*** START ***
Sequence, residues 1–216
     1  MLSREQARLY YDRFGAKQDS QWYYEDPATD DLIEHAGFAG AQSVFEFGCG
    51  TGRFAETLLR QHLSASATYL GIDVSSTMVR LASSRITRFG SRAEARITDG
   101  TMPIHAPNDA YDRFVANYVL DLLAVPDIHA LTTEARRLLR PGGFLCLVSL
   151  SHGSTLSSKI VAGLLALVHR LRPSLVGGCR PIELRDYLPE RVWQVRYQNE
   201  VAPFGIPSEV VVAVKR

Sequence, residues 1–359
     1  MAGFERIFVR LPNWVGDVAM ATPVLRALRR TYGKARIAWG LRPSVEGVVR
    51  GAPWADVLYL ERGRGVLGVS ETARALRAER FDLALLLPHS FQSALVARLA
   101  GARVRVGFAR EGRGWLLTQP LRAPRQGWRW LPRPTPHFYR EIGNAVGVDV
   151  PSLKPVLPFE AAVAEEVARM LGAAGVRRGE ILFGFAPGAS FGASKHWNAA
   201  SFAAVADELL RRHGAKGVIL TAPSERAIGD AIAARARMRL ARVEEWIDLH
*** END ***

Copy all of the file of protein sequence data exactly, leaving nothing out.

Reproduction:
Sequence, residues 1–216
     1  MLSREQARLY YDRFGAKQDS QWYYEDPATD DLIEHAGFAG AQSVFEFGCG
    51  TGRFAETLLR QHLSASATYL GIDVSSTMVR LASSRITRFG SRAEARITDG
   101  TMPIHAPNDA YDRFVANYVL DLLAVPDIHA LTTEARRLLR PGGFLCLVSL
   151  SHGSTLSSKI VAGLLALVHR LRPSLVGGCR PIELRDYLPE RVWQVRYQNE
   201  VAPFGIPSEV VVAVKR

Sequence, residues 1–359
     1  MAGFERIFVR LPNWVGDVAM ATPVLRALRR TYGKARIAWG LRPSVEGVVR
    51  GAPWADVLYL ERGRGVLGVS ETARALRAER FDLALLLPHS FQSALVARLA
   101  GARVRVGFAR EGRGWLLTQP LRAPRQGWRW LPRPTPHFYR EIGNAVGVDV
   151  PSLKPVLPFE AAVAEEVARM LGAAGVRRGE ILFGFAPGAS FGASKHWNAA
   201  SFAAVADELL RRHGAKGVIL TAPSERAIGD AIAARARMRL ARVEEWIDLH